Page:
Ah, it is, once again, the lovely month of June. Fluffy peach-colored clouds floating over the foothills of the east, kids fresh out of school running aimlessly through the sprinkler, and fields and fields of fresh cut hay begging to be harvested.

The pungent scent of the pasture rises and lingers on the sweet breeze of early evening. The low, steady hum of the hay baler’s engine mingles with the excited barking of dogs and the lowing of cattle.

On an evening like this, memories come rushing to meet me and make their abode deep in my consciousness. Closing my eyes I am there, standing beneath the aged pecan trees on my father’s farm.

A girl of 15, I shade my eyes and watch as an assortment of gangly, blue-jeaned young men in T-shirts labor under the evening heat, wiping sweat, and occasionally stealing sips of Gatorade from a communal quart bottle. They gather randomly at times, tossing square bales upward and onto the disheveled stack balanced precariously on the back of a flatbed Ford truck. An older man, obviously experienced at the near-impossible, stacks the bales into neat, grassy blocks for the shaky trip to the hay barn.

As the truck approaches, I pretend not to see them, but cannot long ignore the antics of one particular broad-shouldered youth who obviously cannot resist imitating Elvis as he plays a mock guitar right after securing a seat on the very back. He was later to become my husband.

“Just a bunch of ‘roughneck’ boys, but I can sure use the help,” was my dad’s comment. It was true, he needed all the help he could get. To his outmoded way of thinking, hay was men’s work. Therefore, his only daughter was banned from all such goings on, reminded that her mom probably needed her inside, setting the table, feeding the cats, or some other such domestic nonsense. Like the good daughter that I was, I complied, but that still did not keep me from the shady refuge of the pecan trees, which became my observation post.

Fade out, fade in. Memories are surely funny things. They can do the most amazing feats. They enable us to visit that world we knew somewhere and to wonder if it ever really existed. They soothe the injured from the pin-pricks of reality and cause our souls to bask, if only for a moment, in the glow of another time.

But I am speaking of the hay. Sweet, earthy hay. My dad had no illusions nor romantic notions centered around hay. Hay was to him the product of a piece of work cut from a multitude of daily chores, some seasonal, some routine. It was necessary for the daily survival of cattle and horses and for surplus money that could be used for so many things his family had need of. He would, therefore, come to terms with it, yet hold it at arm’s length.

His daughter, however, would embrace it repeatedly as she remembered countless rides in the wagon with the church youth group on autumn evenings before roasting hot dogs and marshmallows around the campfire. Charred wienies went so well with Orange Crush soda ... and her guy drove a Chevy, but not to the levy ... as Don McLean sang in "American Pie."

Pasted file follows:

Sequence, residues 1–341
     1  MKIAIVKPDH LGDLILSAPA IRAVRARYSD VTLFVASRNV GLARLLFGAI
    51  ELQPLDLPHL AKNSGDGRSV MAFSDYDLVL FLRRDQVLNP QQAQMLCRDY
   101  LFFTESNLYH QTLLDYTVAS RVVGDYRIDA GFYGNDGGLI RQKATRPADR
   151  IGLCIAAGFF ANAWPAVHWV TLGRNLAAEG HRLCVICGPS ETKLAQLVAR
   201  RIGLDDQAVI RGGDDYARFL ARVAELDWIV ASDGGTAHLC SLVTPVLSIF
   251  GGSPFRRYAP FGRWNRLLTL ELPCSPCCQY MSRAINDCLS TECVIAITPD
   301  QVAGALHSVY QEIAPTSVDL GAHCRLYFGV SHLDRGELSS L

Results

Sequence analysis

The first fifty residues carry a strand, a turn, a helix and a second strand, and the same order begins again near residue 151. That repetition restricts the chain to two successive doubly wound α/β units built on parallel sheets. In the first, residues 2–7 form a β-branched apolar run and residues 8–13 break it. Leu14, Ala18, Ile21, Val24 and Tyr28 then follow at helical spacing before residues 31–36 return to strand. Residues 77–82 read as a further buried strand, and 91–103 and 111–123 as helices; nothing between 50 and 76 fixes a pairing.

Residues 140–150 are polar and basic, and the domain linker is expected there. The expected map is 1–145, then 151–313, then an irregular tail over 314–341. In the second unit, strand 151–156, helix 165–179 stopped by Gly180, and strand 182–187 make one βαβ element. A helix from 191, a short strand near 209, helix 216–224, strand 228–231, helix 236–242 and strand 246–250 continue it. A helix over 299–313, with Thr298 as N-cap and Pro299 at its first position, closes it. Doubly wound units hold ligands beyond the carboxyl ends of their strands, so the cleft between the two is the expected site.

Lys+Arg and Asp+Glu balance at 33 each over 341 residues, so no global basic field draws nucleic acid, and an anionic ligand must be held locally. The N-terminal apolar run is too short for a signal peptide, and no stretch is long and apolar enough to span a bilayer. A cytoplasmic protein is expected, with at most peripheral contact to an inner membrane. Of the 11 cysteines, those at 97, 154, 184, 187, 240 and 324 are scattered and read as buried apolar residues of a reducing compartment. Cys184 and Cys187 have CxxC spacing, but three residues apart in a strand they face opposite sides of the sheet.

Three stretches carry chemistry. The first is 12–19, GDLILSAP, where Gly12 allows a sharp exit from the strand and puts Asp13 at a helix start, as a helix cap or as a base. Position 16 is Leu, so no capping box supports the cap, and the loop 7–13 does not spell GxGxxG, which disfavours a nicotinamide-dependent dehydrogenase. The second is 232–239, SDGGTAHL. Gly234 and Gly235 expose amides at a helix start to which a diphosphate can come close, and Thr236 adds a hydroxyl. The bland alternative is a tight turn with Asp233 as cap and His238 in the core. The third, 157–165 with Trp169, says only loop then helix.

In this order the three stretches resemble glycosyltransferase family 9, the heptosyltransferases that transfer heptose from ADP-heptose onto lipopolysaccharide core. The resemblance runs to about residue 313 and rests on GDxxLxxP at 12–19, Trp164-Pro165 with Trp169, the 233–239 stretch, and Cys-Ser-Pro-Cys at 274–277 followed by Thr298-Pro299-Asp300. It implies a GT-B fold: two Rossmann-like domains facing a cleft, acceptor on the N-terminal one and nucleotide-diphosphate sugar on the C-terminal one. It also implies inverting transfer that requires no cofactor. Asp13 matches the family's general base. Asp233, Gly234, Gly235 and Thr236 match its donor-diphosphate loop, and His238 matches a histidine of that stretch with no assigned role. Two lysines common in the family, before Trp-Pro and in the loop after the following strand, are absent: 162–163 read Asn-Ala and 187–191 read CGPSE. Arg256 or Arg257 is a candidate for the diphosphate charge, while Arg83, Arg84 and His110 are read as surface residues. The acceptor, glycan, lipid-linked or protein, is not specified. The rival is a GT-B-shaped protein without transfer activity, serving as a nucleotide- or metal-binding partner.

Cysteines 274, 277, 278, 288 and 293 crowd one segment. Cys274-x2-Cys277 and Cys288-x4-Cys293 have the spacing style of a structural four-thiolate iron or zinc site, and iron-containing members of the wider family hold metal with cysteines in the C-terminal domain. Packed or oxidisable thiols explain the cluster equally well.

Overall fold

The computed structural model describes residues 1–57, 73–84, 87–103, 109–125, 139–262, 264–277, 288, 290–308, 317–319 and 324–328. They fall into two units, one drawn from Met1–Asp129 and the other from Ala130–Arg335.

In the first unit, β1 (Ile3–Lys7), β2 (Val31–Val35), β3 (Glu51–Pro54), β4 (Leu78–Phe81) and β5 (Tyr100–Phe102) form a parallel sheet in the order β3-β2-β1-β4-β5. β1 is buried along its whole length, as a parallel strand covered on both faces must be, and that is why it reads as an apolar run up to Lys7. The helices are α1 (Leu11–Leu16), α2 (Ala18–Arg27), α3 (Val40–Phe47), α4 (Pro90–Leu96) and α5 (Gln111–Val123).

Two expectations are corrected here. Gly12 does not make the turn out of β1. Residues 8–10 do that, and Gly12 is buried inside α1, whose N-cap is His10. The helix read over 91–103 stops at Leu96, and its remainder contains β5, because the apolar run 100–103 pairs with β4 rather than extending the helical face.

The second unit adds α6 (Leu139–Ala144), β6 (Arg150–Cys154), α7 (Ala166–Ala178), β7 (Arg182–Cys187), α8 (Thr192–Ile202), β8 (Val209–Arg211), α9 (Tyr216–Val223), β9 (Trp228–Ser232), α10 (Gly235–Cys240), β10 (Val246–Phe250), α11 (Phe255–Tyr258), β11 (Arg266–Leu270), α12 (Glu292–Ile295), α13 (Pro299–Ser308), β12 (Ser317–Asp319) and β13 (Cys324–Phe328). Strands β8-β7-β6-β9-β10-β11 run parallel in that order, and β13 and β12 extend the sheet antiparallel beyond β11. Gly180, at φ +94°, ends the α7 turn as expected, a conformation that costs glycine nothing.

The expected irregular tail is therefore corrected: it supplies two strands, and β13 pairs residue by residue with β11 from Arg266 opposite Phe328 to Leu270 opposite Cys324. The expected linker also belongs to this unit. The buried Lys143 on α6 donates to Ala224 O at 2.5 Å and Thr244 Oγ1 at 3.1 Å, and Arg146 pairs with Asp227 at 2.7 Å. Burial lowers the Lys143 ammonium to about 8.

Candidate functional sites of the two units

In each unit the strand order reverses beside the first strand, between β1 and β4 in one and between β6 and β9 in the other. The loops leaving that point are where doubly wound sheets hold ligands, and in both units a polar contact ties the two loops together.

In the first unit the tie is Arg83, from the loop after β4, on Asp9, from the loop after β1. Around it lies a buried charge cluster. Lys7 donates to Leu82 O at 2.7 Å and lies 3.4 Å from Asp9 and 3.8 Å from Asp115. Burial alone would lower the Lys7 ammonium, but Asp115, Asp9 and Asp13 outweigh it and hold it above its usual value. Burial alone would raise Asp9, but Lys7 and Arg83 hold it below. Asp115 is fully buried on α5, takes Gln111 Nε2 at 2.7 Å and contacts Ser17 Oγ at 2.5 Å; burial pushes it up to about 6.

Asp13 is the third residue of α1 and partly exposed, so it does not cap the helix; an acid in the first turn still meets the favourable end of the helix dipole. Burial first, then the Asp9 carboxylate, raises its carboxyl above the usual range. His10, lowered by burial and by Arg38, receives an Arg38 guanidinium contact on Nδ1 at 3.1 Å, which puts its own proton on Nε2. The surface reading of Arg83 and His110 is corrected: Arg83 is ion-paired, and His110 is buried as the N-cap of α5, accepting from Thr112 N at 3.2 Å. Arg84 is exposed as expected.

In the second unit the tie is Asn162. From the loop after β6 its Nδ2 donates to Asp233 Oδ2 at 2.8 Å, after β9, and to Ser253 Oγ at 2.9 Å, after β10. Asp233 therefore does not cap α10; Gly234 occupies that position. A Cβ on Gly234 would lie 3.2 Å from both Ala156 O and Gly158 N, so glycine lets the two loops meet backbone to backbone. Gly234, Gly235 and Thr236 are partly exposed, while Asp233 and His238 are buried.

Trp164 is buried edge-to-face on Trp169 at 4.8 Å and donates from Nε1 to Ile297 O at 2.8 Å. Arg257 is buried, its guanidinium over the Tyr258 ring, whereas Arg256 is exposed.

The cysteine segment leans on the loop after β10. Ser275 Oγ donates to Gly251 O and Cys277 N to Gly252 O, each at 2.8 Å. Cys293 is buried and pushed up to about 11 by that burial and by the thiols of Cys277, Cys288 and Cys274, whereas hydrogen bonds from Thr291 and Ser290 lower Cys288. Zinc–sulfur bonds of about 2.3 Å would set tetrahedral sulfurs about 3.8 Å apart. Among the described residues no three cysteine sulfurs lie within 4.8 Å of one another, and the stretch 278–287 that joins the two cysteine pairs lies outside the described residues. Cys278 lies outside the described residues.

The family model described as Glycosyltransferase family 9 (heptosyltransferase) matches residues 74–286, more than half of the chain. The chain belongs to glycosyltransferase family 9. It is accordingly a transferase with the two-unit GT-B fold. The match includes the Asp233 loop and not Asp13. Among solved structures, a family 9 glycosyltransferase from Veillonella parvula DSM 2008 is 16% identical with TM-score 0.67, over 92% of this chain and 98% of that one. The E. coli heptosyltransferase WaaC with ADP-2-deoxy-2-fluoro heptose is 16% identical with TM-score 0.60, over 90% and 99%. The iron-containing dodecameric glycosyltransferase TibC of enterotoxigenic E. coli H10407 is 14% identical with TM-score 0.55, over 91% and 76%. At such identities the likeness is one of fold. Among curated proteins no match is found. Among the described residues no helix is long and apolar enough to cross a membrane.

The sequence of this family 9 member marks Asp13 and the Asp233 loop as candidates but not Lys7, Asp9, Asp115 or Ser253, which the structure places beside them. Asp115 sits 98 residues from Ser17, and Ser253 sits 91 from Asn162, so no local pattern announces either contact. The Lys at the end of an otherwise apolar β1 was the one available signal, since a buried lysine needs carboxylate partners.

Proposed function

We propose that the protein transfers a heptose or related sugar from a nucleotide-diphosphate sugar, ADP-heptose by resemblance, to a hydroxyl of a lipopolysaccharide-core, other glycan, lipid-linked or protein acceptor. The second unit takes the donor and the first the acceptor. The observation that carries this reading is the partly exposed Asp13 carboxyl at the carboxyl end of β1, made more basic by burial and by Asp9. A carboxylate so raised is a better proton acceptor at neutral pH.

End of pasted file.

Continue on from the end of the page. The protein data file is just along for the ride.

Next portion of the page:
My third and final vision: The Kitten Pilgrimage. This trip was made with my mom on a yearly basis in the spring. The quest for newborn kittens. We knew we would find them in the old barn. What we did not know was that one had fallen between bales of hay and was in dire need of rescue.

I can still feel the scratches on my forearm from about 20 minutes worth of unsuccessful attempts to pull his furry little body back to the land of the living. A near cat-tas-tro-phe! But survive he did, and became a wise old tomcat, known for his expert mousing abilities. He would not, however, hang out with his feline buddies at the barn. Been there, done that.

Not so many years ago, my father, an elder master of the hay and all things related, sat on the front porch of his ancestral home, the house he was born in. It was a bittersweet summer; my brother and I knew his remaining days would not be many in number. After waving at a few cars turning onto Carson Avenue, his attentions seemed to be occupied elsewhere as he gazed intently out across the fields of home in the late evening haze.

“What are you looking at, Daddy?” I finally asked.

“I’m watching them boys get up that hay,” he replied with a surprised look on his face that I should even venture to ask such a question. “I wouldn’t give you a nickel for all them round bales piled up,” he continued. “Square bales are a whole lot easier stored and used. Anybody should know that.”

You said it, Dad. Especially with "American Pie" playing in the background. “Helter, skelter, in a summer swelter ... ”

It is five years later, and the great-granddaughter whom he knew was coming but never got to see is tugging at my shirt, ushering me back into the land of reality.

“Mimi, what are those guys doing on the back of that truck?”

“They’re getting up the hay, Baby.”

“Can I ride?”

“We’ll see. Let’s just wait here under the pecan trees where the breeze is blowing ...”

And we wait, while a full moon peeks over the foothills to the east ... and in the dimming twilight, sets the stage for a country midsummer night’s dream. Ah, the magic of the first week of June ... may it live forever!

Debbie Wilson is a teacher at Eastbrook Middle School.

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